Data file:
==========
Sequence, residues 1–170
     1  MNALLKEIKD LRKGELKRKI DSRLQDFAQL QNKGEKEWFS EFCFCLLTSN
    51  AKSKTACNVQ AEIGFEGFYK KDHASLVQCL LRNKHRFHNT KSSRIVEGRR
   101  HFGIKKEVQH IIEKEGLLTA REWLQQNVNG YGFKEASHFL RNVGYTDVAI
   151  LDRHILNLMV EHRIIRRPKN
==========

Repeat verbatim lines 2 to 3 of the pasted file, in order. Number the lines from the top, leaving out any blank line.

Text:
     1  MNALLKEIKD LRKGELKRKI DSRLQDFAQL QNKGEKEWFS EFCFCLLTSN
    51  AKSKTACNVQ AEIGFEGFYK KDHASLVQCL LRNKHRFHNT KSSRIVEGRR